In a co-signed letter, the U.S. Ethanol Coalition, along with the Great Plains Institute, the Low Carbon Fuels Coalition, the National Biodiesel Board and the Canadian Oilseed Processors Association, have recommended that the California Air Resources Board recognize the climate benefits of agricultural practices in the California Low Carbon Fuel Standard. CAOT Board Member Ron Alverson submitted separately comments to CARB in response to requests for land-use change information.
Alverson draws CARB’s attention to the recent research paper “Biofuel Impacts of Food Prices Index and Land Use Change”, which he says shows “there is land use change related to land use change soil from biofuel feedstock, and that’s a positive, not a negative.” Alverson also explains how the food price index has the highest correlation with the price of crude oil, not biofuel. highlighted the discrepancies between model predictions and observed data, Alverson urges CARB to revise its assumptions predicting the impact of biofuels on food prices and indirect land use change.
This feedback complements the letter co-signed by the CAE, which provides principles for carbon intensity (CI) accounting at the farm level, originally developed under the job from the Midwestern Clean Fuels Initiative.
“…CARB would play a leadership role in promoting carbon-smart farming practices in all locations that grow feedstock for LCFS fuel pathways, accumulate knowledge on the short- and long-term effectiveness of various SCS [soil carbon sequestration] strategies and accelerate the achievement of California’s aggressive decarbonization goals,” the letter read.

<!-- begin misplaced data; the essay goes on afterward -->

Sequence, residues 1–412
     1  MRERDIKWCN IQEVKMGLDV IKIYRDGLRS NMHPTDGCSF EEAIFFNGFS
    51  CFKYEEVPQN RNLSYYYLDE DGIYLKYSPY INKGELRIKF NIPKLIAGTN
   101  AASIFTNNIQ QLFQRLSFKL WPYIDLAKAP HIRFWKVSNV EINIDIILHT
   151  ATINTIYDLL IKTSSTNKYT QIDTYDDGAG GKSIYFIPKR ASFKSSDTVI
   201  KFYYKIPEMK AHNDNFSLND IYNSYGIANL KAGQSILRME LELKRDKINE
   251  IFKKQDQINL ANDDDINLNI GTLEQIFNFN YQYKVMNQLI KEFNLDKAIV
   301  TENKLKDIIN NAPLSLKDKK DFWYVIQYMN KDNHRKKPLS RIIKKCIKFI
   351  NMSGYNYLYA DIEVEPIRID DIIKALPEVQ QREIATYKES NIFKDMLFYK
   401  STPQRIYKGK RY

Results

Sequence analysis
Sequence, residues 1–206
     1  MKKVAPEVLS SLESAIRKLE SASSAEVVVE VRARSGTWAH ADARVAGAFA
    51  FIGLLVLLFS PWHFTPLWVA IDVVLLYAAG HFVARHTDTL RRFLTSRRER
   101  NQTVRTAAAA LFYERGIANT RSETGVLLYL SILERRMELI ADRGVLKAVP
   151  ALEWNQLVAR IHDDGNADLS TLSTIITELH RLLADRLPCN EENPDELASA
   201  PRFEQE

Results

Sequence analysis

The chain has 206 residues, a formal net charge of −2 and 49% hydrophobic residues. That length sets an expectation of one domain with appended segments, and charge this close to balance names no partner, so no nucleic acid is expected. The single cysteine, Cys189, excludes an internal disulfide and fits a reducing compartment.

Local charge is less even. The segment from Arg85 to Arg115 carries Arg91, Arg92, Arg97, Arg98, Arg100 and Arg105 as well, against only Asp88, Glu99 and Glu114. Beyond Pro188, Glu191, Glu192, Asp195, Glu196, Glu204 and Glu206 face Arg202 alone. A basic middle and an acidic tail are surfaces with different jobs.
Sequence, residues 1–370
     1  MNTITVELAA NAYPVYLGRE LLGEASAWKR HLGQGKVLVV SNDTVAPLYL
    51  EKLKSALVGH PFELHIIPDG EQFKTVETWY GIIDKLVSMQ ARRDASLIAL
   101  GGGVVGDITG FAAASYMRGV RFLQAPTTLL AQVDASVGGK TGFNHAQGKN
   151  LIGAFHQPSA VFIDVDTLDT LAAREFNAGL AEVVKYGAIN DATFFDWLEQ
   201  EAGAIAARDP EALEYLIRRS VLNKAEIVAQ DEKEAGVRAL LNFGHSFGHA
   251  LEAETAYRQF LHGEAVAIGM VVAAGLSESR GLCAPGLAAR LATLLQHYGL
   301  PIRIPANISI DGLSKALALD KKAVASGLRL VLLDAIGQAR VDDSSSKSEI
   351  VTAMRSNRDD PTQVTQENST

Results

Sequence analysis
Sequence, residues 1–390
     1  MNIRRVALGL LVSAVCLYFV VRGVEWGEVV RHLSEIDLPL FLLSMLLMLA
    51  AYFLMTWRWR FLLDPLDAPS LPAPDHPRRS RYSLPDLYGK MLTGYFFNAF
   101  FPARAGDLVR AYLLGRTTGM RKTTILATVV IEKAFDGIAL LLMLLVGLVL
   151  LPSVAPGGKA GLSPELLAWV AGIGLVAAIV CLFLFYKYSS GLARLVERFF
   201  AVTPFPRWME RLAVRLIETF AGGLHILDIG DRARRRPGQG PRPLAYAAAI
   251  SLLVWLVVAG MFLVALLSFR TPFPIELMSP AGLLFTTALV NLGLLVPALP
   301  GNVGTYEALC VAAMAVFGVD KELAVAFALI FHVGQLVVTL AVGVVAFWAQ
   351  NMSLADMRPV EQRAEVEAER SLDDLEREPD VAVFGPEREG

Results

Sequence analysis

Quantifying greenhouse gas (GHG) emissions for biofuel feedstocks from agricultural practices and assigning corresponding CI scores leads to major policy benefits, including:
- Compensate farmers, on a purely voluntary basis, for climate-smart agricultural practices; and
- Help achieve scale faster and deliver significant short-term GHG emission reductions compared to private programs with less attractive carbon prices for farmers.
The guiding principles outlined in the group letter to achieve these and other benefits include:
- On-farm conservation measures should be voluntary, not mandatory.
- Continuous improvements in climate-smart agricultural practices should be encouraged.
- Protocol design must strike a balance between accuracy and cost to farmers and growers. CARB should develop practice verification strategies that minimize costs where possible while ensuring results.
- GHG lifecycle assessment, including assessment of climate-smart scoping practices, should be non-proprietary, transparent, verifiable, and replicable.
Stakeholders are actively leveraging USDA funds to establish a quantification and verification protocol that could support CARB’s inclusion of on-farm carbon benefits. Comments quote Regional Conservation Partnership Program (RCPP) led by ACE in South Dakota, and broader efforts to replicate the program design to increase the scientific robustness of key soil models in various regions that could be used to access LCFS markets.